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Retana Witnesses Mexican-American Border Crossings
Megan Retana '15 Contributing Writer
September 10, 2014
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The author spent a month this past summer at the La Posada Providencia shelter in San Benito, Texas, as a volunteer. She worked primarily as an English teacher and a childcare provider.

Map GraphicSince October, there has been a major influx of Central American immigrants crossing the Texas-Mexico border. In June, the immigrant count peaked at 1,000 per day, with the majority of immigrants originally from Honduras, El Salvador and Guatemala.

The personal testimonies of immigrants show that the mass exodus comes in reaction to increased gang violence throughout their hometowns, along with the spread of rumors advertising possible amnesty for them in the United States.

“They wanted to get amnesty,” explained Deacon Roberto Cano, head coordinator for Central American immigrants at the Immaculate Conception Church’s shelter in Brownsville, Texas. “The gangs were coming in and terrorizing their towns. The young boys, you could see it in their eyes. They were traumatized. They would make them join gangs, kill people; if they didn’t cooperate they would kill their families. That’s why they left.”

Many Central American immigrants without legal documents traveled with smugglers or “coyotes.” Powerful drug-trafficking gangs, such as the “Zetas” and the “Cartel del Golfo,” serve as paid smugglers for these immigrants.

Cano said of this smuggling operation: “The Zetas would take away the young girls who were about to cross with their families. Some of them would come in with kids and pretend to be their fathers.”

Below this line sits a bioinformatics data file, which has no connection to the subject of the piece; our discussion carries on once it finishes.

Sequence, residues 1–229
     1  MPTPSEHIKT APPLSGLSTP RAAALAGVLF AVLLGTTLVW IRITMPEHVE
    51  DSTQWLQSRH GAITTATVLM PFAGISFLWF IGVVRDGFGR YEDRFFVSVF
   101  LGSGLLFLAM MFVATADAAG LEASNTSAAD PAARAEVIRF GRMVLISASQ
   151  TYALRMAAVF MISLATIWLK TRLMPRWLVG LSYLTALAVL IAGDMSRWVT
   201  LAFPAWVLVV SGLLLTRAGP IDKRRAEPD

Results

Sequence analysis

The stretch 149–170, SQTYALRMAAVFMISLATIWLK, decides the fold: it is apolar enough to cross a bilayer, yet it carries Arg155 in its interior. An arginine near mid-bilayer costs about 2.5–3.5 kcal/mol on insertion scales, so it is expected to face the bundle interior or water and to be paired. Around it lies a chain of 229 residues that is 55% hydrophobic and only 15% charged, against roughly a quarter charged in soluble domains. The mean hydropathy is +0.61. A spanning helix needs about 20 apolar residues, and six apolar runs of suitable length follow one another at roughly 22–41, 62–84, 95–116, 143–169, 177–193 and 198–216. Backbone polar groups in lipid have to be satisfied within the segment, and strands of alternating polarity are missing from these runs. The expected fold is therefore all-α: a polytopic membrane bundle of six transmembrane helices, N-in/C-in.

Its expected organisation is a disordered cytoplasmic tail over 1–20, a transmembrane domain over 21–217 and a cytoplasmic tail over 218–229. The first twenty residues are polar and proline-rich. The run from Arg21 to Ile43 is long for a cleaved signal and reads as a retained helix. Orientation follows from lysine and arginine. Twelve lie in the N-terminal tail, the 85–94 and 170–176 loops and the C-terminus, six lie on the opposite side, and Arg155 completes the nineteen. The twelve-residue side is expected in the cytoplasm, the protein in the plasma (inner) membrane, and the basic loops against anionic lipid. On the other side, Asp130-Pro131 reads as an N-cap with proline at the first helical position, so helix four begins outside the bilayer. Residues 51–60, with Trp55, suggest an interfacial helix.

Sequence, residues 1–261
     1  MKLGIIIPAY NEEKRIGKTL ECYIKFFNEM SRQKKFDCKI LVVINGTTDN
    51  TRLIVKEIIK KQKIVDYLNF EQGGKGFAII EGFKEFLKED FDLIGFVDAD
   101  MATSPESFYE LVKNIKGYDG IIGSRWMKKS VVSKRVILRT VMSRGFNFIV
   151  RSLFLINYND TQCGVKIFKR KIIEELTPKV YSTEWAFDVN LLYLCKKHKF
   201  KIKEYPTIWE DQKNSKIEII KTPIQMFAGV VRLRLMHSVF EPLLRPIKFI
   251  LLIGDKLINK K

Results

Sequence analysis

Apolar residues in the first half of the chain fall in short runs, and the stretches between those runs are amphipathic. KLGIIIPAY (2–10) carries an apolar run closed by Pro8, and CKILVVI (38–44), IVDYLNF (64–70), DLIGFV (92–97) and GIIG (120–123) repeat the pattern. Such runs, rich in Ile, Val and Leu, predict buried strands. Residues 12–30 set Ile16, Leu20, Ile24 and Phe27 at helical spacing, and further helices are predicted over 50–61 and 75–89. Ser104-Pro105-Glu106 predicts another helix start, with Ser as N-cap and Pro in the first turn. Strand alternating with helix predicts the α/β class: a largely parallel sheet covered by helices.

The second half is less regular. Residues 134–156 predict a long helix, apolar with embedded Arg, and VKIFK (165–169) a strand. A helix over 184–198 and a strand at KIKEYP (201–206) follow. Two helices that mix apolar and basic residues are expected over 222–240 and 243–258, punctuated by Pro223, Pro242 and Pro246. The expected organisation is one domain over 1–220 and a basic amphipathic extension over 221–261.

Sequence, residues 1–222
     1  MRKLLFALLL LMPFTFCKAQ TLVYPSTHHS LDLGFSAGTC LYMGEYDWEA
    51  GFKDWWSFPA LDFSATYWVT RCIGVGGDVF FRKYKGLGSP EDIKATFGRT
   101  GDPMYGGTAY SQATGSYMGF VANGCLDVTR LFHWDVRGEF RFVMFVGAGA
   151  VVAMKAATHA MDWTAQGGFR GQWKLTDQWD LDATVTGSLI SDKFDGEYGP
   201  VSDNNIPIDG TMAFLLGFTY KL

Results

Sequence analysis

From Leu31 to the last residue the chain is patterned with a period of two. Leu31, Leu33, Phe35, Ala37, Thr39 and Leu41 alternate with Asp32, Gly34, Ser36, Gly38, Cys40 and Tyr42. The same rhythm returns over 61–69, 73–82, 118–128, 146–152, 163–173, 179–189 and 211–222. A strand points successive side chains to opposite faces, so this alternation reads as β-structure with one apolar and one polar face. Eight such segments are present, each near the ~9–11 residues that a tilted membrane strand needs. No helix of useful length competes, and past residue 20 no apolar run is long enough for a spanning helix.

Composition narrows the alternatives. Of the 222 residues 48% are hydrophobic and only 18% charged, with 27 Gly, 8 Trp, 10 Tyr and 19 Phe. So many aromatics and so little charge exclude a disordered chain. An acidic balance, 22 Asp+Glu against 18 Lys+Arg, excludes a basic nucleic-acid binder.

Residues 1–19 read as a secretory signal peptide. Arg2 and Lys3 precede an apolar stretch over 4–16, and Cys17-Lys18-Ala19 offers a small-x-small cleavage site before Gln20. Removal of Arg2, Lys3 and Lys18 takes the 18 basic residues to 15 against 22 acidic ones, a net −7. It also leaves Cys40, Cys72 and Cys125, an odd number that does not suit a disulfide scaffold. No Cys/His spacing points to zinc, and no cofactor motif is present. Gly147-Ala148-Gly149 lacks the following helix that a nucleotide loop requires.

Central Americans are not the only ones crossing through Mexico. Immigrants from Cuba, Ethiopia, Somalia, Eritrea and other countries come in large numbers as well, in hopes of being granted asylum.

The Texas-Mexico border has become a place where immigrants from the world’s most dangerous places converge. For many of them, the ultimate goal is safety. Shelters have been set up on the border in Texas to aid these immigrants with their
new lives in the U.S.

The La Posada Providencia shelter in San Benito, Texas, is one such non-profit organization which houses documented immigrants who have been granted asylum. The shelter provides necessary legal aid, health care, social services and other relocation assistance. Residents of the shelter are allowed to stay for however long they need to.

La Posada is run by three sisters of the order of Divine Providence—Sister Margaret, Sister Therese, and Sister Zita— who maintain a community filled with compassion, while also enforcing work and order. The residents attend English as a Second Language (ESL) and life skills classes. They also have designated jobs such as composting, gardening, cooking, cleaning and construction work.

For many immigrants, a number of borders must be crossed in search for a better life.

Twenty-eight year-old Ali (not his real name), an immigrant at La Posada Providencia, fled his home country of Somalia —currently a war zone—for Kenya, South Africa and then the Mexico-Texas border.

When Ali was 17, a group of three unidentified men from a neighboring clan broke into his aunt’s home and demanded his whereabouts. He narrowly escaped, and the next night he left for Kenya.

“They [saw] me running out of the house, but I couldn’t look back,” Ali recalled. “They shot at me but nothing touched me.”

Ali then explained the life of traveling with a smuggler: “You’re a follower. Bus stations, city to city, follow the smuggler, travel at night. It’s like military life. You just have your back. Very hard life.”

When asked about his current situation as a resident at La Posada Providencia, Ali replied: “At least today I feel like no one will kill me because I’m Somalian, I’m Somalian [but] I’m the same [as] all people.”